Incorporating the great outdoors indoors comes at a high cost — but ultimately with a high return on investment for hoteliers, and their guests.
It used to be that sleeping in a tent was the vacation of choice for cash-strapped families. But glamping is booming in popularity as hotels are catering to travelers, frustrated by two years of pandemic sequestering, who are eager to celebrate nature while logging off in log cabins and tents.
Hotel brands are investing heavily in design elements meant to bring the outdoors in, such as the Eastwind Hotel & Bar in the Catskills in upstate New York. The 26-room Eastwind has introduced what it refers to “almost-camping” with new all-season, insulated glamping cabins and new Lushna suites. The latter have their own decks and unobscured panoramic views of mountains and meadows.
Although visitors are staying at a resort, the new cabins offer guests a Thoreau-like experience where they can easily unplug from virtual responsibilities and distractions, say Eastwind founders Bjorn Boyer and Julija Stoliarova.
“By design, there are no TVs on the property to encourage guests to be present with their loved ones,” Stoliarova said. “Eastwind offers a distinct experience that is elevated and immersed in nature, allowing guests to disconnect from the outside world.”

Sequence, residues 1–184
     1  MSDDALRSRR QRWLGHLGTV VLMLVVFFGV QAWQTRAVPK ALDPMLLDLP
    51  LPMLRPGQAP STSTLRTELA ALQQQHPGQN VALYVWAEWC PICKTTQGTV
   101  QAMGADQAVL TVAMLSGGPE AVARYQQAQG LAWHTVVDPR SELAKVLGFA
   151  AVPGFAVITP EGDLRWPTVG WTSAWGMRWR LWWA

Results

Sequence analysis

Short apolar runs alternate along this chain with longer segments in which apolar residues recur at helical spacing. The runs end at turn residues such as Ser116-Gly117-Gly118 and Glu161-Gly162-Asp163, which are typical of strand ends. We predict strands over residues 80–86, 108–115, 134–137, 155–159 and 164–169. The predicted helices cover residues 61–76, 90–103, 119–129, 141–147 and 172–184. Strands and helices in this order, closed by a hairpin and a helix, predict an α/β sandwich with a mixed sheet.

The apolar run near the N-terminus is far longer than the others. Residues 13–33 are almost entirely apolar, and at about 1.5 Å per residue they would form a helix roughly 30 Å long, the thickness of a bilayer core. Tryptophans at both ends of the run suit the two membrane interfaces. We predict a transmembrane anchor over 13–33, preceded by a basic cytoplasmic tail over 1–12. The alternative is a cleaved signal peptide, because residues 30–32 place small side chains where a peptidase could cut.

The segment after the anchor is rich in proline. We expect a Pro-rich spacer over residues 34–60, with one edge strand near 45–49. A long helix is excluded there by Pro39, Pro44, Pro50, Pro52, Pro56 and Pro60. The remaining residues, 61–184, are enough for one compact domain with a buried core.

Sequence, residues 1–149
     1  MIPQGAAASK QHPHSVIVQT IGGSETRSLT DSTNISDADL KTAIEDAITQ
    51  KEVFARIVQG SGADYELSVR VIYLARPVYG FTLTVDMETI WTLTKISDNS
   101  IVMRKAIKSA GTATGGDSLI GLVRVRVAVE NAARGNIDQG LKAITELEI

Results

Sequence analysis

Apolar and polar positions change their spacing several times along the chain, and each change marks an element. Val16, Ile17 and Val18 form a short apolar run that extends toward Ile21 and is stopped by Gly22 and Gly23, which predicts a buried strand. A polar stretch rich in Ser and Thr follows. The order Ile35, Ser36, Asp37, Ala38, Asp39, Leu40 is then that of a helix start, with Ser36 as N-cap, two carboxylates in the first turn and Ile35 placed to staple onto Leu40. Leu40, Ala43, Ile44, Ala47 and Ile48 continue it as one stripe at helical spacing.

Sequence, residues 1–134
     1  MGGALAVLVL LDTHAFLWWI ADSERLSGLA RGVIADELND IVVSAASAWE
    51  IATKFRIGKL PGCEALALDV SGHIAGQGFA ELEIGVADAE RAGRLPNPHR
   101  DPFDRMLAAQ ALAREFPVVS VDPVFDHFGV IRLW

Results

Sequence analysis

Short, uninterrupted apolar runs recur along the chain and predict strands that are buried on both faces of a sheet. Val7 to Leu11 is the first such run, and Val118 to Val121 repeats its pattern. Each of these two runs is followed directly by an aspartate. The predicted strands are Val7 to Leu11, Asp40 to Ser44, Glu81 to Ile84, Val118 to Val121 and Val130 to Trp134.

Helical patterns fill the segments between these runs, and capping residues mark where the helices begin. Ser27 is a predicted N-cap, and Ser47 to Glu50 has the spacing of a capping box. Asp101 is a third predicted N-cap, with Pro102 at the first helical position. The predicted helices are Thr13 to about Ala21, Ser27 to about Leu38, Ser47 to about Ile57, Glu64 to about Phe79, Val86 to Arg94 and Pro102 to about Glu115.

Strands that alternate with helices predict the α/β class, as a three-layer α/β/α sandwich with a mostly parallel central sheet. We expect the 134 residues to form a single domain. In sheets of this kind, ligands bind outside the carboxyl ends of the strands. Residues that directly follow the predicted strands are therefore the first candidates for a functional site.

The boundaries between the indoors and outdoors continue to blur as Nikki Fox, vice president of business development at ParkWest General Contractors, believes that companies will invest more in larger patios and balconies coming out of the pandemic. Interior designer Olga Hanono, whose studio specializes in luxury hotel builds and renovations, also concurs. She says her clients support green-thumb initiatives that place growing walls, plants, and gardens in as many public spaces and guest rooms as possible.
Those efforts are expensive. However, Rob Blood, founder and president of Lark Hotels, believes they’re absolutely worth it. “There’s no question that features like larger windows add onto construction costs and, ultimately, operating costs,” he said.
“But there’s been such an evolution in heating and cooling in the last 10 years that all of the costs are coming down because efficiency is higher. So there’s a balance and we can make better decisions about how we can enhance the guest experience but also drive revenue.”
He cited the expensive renovation of a former Lark property in Nantucket that included building seaside-facing balconies, which ended up enabling the hotel to charge $200 more a night. Furthermore, one of his boutique brand’s strategic initiatives is adding cabins to dot the grounds of properties like Field Guide in Stowe, Vermont. The under construction A-frame structures have floor-to-ceiling windows that back up to Cady Hill Forest, repeating a formula that’s worked with the addition of pine-grove cabins at Lark’s AWOL Kennebunkport property.
“Our driving principle when we do projects like these is big windows, minimal design — which really allows the natural setting to dictate how people feel when they’re here. The simplicity allows the surroundings to be the hero,” Blood said.
He anticipates an even greater uptick in Scandinavian design elements in hospitality in the next several years. “I think there are some elements that are lingering from the last two years of social isolation,” Blood said. “Being inside a lot is drawing us outside, while wanting the inside to be fresh and clean.”
What Does the Future of Lodging Look Like?
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Photo credit: An image from the AWOL Kennebunkport in Maine Read McKendree / AWOL Kennebunkport